Gray Area Thinking™
All humans habitually categorize and group others who are “different” from “us,” which often lends to black and white thinking, as in “good” versus “bad” or “native” versus “immigrant” and a host of other isolating labels.
With this presentation, Ellen (Ellie) Krug offers a toolset—Gray Area Thinking™—for interacting
with diverse humans in a mindful and compassionate way. Attendees will appreciate and value how it’s necessary to consciously work to “Think Gray!”™
Gray Area Thinking™ is a simple three-part toolset for interacting with diverse humans:
(1) awareness of another human’s vulnerability or suffering;
(2) risk-taking to alleviate or lesson that vulnerability or suffering; and
(3) compassion and kindness for both self and others.
Why this Presentation Works
Most diversity and inclusion trainings address unconscious bias by educating audience members about neurobiology and the human tendency to deny being biased. However, audience members often aren’t given easy to understand “tools” to employ in their day to day interactions with diverse humans.
By utilizing memorable training tools (the Darnell Barton video, Ellie’s voice and story, etc.—see below), this presentation “sticks” particularly well with listeners. This presentation also provides an easily understood/remembered toolset that can be utilized by audience members as soon as they walk out of the training room.
Technical Needs: This presentation requires Wi-Fi access and space for Ellie to “roam” as she speaks. (Ellie doesn’t utilize a podium or power point for her presentations).
Duration: 75 minutes at a minimum; up to 120+ minutes depending on Sponsor’s goals.
Candidly, the presentation begins merely with Ellie saying “Hello.”
Audience members immediately understand that her voice (deeply masculine) doesn’t match her appearance (very feminine).
This learning moment introduces the topic of how humans are “wired” to categorize others and transitions to discussing the bumpiness that results when we encounter humans who can’t be easily categorized.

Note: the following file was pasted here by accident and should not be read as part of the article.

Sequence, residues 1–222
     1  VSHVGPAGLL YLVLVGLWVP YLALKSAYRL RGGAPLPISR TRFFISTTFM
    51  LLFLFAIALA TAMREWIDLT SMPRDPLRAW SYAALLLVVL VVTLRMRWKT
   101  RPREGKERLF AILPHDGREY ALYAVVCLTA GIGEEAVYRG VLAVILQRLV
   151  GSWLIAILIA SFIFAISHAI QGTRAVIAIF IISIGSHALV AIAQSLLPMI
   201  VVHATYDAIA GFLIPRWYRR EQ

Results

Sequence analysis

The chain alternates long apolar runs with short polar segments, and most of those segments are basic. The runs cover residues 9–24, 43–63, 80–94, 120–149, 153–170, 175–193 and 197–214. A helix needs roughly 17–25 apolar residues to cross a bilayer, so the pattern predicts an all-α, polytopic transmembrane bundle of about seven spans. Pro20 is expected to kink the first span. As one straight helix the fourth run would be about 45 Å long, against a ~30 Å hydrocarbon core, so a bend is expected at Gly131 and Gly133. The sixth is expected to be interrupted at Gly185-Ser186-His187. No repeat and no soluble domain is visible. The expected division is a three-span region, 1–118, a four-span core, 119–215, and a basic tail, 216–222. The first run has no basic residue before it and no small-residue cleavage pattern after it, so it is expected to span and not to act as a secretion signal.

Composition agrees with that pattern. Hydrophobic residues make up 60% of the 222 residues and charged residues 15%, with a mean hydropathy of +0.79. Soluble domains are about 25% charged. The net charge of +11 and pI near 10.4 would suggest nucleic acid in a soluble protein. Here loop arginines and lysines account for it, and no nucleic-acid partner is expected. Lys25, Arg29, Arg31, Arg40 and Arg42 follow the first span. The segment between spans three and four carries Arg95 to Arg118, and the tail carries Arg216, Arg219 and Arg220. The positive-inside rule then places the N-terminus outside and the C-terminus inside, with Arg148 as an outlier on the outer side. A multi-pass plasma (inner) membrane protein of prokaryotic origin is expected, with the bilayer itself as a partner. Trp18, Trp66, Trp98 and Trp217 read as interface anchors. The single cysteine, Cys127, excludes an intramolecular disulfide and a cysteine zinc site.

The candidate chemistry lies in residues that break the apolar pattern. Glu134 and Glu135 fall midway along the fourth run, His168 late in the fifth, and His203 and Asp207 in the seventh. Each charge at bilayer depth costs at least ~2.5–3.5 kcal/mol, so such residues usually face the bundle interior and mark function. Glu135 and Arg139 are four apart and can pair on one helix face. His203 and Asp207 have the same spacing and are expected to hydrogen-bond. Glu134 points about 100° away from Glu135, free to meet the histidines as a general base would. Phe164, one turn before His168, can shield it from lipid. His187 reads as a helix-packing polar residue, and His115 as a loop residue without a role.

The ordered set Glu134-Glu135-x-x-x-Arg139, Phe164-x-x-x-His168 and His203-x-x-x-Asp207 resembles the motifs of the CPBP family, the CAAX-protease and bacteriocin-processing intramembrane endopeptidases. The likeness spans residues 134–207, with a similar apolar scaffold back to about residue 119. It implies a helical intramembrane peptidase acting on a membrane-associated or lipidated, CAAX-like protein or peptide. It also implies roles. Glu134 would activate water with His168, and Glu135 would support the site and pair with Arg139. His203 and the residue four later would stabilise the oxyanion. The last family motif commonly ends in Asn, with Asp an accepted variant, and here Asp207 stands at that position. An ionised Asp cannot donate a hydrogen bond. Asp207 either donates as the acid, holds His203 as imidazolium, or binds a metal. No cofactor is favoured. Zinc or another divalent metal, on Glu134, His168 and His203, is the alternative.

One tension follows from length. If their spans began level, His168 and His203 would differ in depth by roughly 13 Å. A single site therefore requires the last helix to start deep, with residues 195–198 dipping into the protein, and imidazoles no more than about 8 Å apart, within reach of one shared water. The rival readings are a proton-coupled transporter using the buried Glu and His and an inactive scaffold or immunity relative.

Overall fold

The presentation then proceeds to a video of how a Buffalo, N.Y. bus driver named Darnell Barton saves a woman from committing suicide (viewers watch this unfold on the screen).
Darnell is black; the woman he saves is white. This, in turn, allows for examining the three components of Gray Area Thinking™ (awareness; risk-taking; compassion/kindness) and exploration as to how audience members might be able to take risks as they encounter diverse humans (with something as simple as “Hello, how are you today?” to a diverse human constituting a “risk”).
Other components of this presentation include training on “allyship” (e.g. methods of actively supporting diverse humans) and on how to shut down micro-aggressions (confronting another’s racism, homophobia, and other marginalizing behavior).
If time allows (or if the sponsor specifically seeks), the presentation can include the “Identity Word Game” where audience members are posed a series of questions (e.g. “the part of my identity that I am most aware of on a daily basis” “the part of my identity that garners me the most privilege”, etc.) and asked to stand by identifying words (“gender” “race” “sexual identity” etc.) printed on placards and affixed to walls in the training room.
A small part of the training involves Ellie sharing about her experience as a transgender woman who transitioned genders at age fifty-two. If the sponsor specifically seeks, this can be expanded to provide an element of “Transgender 101” training.
All Gray Area Thinking™ attendees are presented with a handout. (Unless otherwise arranged, the Sponsor will bear the cost of copying/distributing the handout.)